Pope Benedict, from today's homily:
Yesterday evening we came together in the presence of the Sacred Host, in which Jesus becomes for us the bread that sustains and feeds us (cf. Jn 6:35), and there we began our inner journey of adoration. In the Eucharist, adoration must become union. At the celebration of the Eucharist, we find ourselves in the "hour" of Jesus, to use the language of John's Gospel. Through the Eucharist this "hour" of Jesus becomes our own hour, his presence in our midst. Together with the disciples he celebrated the Passover of Israel, the memorial of God's liberating action that led Israel from slavery to freedom. Jesus follows the rites of Israel. He recites over the bread the prayer of praise and blessing. But then something new happens. He thanks God not only for the great works of the past; he thanks him for his own exaltation, soon to be accomplished through the Cross and Resurrection, and he speaks to the disciples in words that sum up the whole of the Law and the Prophets: "This is my Body, given in sacrifice for you. This cup is the New Covenant in my Blood". He then distributes the bread and the cup, and instructs them to repeat his words and actions of that moment over and over again in his memory.
Benediction, August 20 (Reuters)
John Allen, from the front:
In a world of rapid-fire, MTV-style cutaways in television programs and movies, driven by the assumption that young people have limited attention spans and thus little capacity for following a line of thought, Pope Benedict made no apologies Sunday morning for veering into a lengthy exegesis of the Greek word proskynesis and the Latin adoratio. (He later tossed in a Hebrew term, beracha, to boot). ...
It's quite likely that some portions of his Sunday morning homily will have sailed over the heads of part of his audience, especially since the majority heard most of it through translation, but that's not quite the point. Many will come away inspired because this man, whom most of the World Youth Day participants regard as brilliant and holy, didn't water his thinking down. He didn't act as if he was saving his best stuff for someone else -- he assumed these young people were capable of meaty content.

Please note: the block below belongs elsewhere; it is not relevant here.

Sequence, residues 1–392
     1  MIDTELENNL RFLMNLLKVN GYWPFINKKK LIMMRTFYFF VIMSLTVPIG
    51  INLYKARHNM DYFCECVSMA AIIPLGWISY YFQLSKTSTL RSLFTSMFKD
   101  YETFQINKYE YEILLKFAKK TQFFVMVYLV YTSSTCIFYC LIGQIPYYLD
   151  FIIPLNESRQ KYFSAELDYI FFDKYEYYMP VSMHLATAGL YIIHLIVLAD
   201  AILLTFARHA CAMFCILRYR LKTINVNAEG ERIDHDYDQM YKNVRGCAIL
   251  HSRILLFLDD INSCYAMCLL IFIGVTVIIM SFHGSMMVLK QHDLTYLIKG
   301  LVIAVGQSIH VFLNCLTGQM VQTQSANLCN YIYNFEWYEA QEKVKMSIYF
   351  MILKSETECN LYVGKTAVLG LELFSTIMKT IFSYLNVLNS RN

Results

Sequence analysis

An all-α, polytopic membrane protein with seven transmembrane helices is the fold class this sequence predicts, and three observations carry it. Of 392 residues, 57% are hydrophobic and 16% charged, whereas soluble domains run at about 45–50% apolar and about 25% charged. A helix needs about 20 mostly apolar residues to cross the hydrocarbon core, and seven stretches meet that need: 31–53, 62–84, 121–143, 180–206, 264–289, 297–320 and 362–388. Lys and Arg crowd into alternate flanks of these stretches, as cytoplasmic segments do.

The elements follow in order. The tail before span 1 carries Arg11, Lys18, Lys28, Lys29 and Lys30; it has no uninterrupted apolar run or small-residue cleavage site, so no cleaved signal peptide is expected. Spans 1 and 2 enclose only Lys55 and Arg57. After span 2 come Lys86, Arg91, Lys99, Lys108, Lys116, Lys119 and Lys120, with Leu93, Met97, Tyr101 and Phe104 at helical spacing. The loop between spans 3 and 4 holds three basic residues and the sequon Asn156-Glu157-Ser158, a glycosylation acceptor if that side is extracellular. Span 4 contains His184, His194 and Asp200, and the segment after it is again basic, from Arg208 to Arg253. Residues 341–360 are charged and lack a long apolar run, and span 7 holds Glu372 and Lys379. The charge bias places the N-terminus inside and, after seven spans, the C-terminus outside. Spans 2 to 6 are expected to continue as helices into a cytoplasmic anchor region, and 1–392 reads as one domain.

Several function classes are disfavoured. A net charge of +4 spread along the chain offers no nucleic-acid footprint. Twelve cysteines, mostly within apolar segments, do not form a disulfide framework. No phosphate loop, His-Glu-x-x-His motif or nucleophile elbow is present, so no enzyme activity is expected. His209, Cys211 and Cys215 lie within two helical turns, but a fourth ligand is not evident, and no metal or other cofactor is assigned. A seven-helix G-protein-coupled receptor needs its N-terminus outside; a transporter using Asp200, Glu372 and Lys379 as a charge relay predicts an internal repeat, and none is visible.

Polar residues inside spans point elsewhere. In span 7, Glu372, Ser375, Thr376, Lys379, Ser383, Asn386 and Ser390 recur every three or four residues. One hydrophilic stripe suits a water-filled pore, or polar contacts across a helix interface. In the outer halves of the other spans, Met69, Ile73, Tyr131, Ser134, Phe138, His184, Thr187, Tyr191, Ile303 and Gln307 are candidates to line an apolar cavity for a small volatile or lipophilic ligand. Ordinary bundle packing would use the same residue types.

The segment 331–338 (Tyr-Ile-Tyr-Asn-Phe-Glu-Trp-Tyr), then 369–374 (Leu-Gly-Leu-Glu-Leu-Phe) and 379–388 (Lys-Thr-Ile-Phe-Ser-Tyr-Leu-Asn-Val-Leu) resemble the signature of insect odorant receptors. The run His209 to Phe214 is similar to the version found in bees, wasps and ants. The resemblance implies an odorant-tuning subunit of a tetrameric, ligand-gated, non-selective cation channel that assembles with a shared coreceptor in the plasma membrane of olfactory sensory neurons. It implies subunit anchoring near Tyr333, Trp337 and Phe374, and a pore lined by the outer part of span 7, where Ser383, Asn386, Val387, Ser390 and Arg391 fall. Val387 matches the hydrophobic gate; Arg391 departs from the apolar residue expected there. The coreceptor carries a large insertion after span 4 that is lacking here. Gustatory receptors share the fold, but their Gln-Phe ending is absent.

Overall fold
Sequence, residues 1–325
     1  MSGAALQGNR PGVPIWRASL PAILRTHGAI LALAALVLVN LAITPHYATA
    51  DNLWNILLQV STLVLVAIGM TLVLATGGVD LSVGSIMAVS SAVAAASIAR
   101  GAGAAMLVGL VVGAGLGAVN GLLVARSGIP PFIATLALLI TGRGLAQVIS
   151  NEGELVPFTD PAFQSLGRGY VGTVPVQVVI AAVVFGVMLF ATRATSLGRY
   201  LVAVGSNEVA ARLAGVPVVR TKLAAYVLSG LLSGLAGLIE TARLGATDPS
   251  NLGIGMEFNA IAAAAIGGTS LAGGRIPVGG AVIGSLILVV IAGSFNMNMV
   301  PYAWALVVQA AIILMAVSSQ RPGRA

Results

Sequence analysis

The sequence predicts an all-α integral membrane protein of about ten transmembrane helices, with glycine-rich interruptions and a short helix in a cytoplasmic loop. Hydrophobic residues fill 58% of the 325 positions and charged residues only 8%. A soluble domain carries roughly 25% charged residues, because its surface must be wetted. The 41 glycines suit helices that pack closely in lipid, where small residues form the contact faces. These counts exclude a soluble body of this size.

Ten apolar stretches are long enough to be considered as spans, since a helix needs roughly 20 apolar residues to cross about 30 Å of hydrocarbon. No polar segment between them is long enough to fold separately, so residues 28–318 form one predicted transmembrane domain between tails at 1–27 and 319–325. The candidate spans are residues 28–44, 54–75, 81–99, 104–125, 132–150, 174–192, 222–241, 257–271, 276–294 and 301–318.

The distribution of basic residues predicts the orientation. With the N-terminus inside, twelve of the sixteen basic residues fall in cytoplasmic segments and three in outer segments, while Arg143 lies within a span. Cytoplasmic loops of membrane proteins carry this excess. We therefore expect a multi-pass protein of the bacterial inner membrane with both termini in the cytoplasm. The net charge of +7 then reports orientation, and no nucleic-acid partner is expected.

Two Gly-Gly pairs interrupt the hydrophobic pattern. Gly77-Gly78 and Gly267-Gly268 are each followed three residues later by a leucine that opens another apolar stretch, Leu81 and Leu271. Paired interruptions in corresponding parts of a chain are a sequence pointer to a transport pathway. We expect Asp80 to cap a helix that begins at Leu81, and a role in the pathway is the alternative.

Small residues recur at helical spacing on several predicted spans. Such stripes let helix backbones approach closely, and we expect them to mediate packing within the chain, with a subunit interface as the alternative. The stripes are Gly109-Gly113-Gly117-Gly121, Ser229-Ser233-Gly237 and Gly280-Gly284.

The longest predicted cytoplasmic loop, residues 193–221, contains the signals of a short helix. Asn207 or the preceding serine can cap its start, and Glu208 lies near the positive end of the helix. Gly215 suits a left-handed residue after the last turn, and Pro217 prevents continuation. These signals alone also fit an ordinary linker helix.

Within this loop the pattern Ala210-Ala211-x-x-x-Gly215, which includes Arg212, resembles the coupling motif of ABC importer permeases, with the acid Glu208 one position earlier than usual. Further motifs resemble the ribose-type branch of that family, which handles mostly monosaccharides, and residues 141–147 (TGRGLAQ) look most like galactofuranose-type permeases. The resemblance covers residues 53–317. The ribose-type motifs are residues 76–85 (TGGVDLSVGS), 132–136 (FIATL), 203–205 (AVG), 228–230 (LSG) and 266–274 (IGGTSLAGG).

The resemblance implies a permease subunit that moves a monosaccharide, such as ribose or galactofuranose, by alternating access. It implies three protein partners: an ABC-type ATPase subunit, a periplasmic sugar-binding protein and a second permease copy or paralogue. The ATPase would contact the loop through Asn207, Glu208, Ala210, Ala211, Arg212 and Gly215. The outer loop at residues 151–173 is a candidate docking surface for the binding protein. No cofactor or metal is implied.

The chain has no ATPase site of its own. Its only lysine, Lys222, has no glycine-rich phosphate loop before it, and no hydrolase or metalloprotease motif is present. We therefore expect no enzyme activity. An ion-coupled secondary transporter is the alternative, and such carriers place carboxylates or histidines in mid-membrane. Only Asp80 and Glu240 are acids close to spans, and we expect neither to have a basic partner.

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Posted by: Fr. William -
Aug. 23, 2005 12:10 AM ET USA
Yes, the youth have gleaned much from the Holy Father's writing and his homilies. And they'll continue to do so, as the other bloggers note. They are hungry and thirsty for the Truth. And the Holy Father has so much to offer. He is a great teacher... Although John Allen's conjecture is off just a bit, he is fairly accurate with his report. Thank you God the Father, Son and Holy Spirit, for giving us a great 264th Successor to Saint Peter, Pope Benedict XVI...
Posted by: -
Aug. 22, 2005 6:31 PM ET USA
Yes, two young people I encountered at Mass Sunday told me they had printed out copies of Pope Benedicts homilies from WYD from the internet and were excited about it! One noted that his dad had informed him of the great number of wonderful books on faith by B16 as well. These two seemed determined to delve further and understand - they were inspired by not being "talked down to" and had formed the idea that they could follow up and learn more. Viva il Papa!
Posted by: Vincit omnia amor -
Aug. 21, 2005 8:12 PM ET USA
Wow, it's great that John Allen is giving a fair and balanced appraisal of events. Though some of the teaching of Pope Benedict might sail over the heads of many, I bet you most all tasted some of the sweetness of the Truth even if they were not able to digest it whole. But, regarding what I've read of Pope Benedicts homily and addresses, I think the young people got more then Mr. Allen might realize. God is Good! God sustain Pope Benedict XVI !